This, in addition to the even worse figures which came to light in 2010, raising the 2009 deficit to 12 and later to a staggering 15.6 percent, led the economic and social situation of the country into unprecedented chaos.
The dramatic downturn
Brussels was furious with what they saw as Greece’s ”cheating,” of sweeping the problem under the carpet.
Jean Claude Juncker, the then-president of the Eurogroup and later President of the Commission, famously declared ”The game is over.”
Everyone was angry at Greece.
Papandreou falsely thought that Brussels would understand that the crisis wasn’t his fault but rather Karamanlis’.
However, the European Union could not have cared less about exactly who had led the situation to such a disastrous end. For almost everyone in Europe, it was the entire nation of Greece that caused the problem, not individual parties.
The credit rating agency Fitch was the first to downgrade Greece’s credit level, and all other agencies followed suit in an avalanche of bad news.
Greek bonds were very soon categorized as ”junk” status, meaning that literally no one was willing to lend money to Athens unless the country was willing to pay extraordinarily high interest rates.
From the tiny Aegean island of Castellorizo, Papandreou officially asked for a rescue package from Greece’s European partners in the 19-country eurozone club as well as the International Monetary Fund.
He did his best to avoid making this plea, but it was an inescapable destiny.
The bailout was soon agreed upon; however, it was tied to an unprecedentedly strict austerity plan, known in Greece as ”The Memorandum.”
The austerity provisions of this memorandum of understanding were so harsh that no Western nation had ever seen anything similar before. The desperate situation was only comparable to the Great Depression in the United States of 1929.
Greece borrowed €110 billion in 2010, an amount which finally reached the stratospheric number of 289 billion euros by the end of 2015. This is still the largest bailout for a country ever to be recorded in history.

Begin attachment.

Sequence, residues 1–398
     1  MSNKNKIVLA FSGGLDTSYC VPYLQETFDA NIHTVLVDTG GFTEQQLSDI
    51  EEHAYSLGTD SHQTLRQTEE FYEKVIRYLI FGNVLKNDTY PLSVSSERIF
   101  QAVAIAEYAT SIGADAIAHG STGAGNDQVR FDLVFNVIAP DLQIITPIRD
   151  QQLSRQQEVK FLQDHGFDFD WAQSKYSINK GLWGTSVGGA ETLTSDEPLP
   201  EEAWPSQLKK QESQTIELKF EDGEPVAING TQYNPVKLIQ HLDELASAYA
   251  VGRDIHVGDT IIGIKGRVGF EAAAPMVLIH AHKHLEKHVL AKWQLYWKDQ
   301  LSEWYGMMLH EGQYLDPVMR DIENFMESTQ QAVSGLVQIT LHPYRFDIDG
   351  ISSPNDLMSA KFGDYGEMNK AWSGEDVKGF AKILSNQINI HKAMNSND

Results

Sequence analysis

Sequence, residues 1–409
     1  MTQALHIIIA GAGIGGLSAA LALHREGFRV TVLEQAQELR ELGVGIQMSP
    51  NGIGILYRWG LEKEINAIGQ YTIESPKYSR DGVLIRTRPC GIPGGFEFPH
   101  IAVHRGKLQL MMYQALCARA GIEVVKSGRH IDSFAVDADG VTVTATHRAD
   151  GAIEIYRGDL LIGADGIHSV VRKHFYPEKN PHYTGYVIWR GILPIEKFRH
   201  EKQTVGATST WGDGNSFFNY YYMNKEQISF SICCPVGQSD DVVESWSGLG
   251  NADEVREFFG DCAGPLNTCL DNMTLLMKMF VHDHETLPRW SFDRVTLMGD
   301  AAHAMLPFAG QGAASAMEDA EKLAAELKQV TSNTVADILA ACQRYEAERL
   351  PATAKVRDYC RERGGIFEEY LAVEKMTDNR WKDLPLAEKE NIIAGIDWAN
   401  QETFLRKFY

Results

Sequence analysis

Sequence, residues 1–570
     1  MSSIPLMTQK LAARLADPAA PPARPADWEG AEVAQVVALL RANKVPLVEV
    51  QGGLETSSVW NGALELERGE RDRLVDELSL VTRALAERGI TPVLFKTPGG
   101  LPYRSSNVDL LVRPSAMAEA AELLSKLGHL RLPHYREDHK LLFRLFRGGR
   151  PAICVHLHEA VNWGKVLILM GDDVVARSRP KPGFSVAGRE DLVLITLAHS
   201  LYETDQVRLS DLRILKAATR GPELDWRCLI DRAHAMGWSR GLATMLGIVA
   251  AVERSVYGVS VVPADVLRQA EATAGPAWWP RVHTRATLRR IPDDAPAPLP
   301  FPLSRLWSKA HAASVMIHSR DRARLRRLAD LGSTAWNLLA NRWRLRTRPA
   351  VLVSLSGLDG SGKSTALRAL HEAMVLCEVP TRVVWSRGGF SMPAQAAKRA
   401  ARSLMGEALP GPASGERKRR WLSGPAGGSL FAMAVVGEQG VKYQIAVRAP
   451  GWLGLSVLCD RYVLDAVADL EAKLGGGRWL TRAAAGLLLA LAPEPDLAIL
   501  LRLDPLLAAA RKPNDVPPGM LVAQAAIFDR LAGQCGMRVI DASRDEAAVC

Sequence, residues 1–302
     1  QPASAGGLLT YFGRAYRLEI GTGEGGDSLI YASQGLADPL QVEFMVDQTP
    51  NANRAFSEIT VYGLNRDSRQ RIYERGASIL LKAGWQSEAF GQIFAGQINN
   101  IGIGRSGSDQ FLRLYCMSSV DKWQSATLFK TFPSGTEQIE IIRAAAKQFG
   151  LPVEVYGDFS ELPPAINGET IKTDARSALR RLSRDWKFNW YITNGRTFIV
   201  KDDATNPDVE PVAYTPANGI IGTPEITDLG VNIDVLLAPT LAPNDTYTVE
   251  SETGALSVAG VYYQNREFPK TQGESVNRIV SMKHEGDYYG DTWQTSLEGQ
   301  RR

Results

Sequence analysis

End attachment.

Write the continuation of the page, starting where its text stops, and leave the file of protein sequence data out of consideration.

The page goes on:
The Greek economy went into a dramatic recessionary spiral, which was constantly being fueled by the even harsher austerity measures that the IMF and Brussels were imposing on Greece.
Led by Germany, the largest contributor to Greece’s loans, what was perceived as a spirit of ”punishment” for Greece was prevalent across Europe. For them, the Greek people were seen as the lazy, irresponsible son of the European family, who needed to be taught a serious lesson.
Greek citizens lost an average of 30-45 percent of their salaries nearly overnight while pensioners saw their lifetime savings being devalued at a similar, if not worse, rate and hundreds of thousands of people were losing their jobs every year.
Greece was living through a nightmare, with news bulletins becoming an everyday ritual of mourning and yet more distressing news, as its citizens would constantly learn about new cuts and additional tax rises.
Thousands of young scientists, professionals and entrepreneurs simply pulled up stakes and left the country, as the economy was stagnant, and their prospects for a better life were doomed.
The uncertain future
Ten years, two bailouts and a referendum later, Greece was finally breathing fresh air again. Athens was able to borrow as much as it needed at record-low interest rates, its budgets were producing surpluses rather than deficits and the country was heading towards a significant growth trajectory.
Of course, all these facts were true until last month.
With the coronavirus crisis now looming over us, Greeks are holding their breath again, and they hope wholeheartedly that this health emergency will not prove to be yet another financial hit that will last for years.
Prime Minister Mitsotakis has warned of a deep recession in 2020; however, he also pledged a dramatic boom in growth in 2021 after the economy recovers. We do hope he is right, for the sake of a people who have suffered so very much, and for so very long.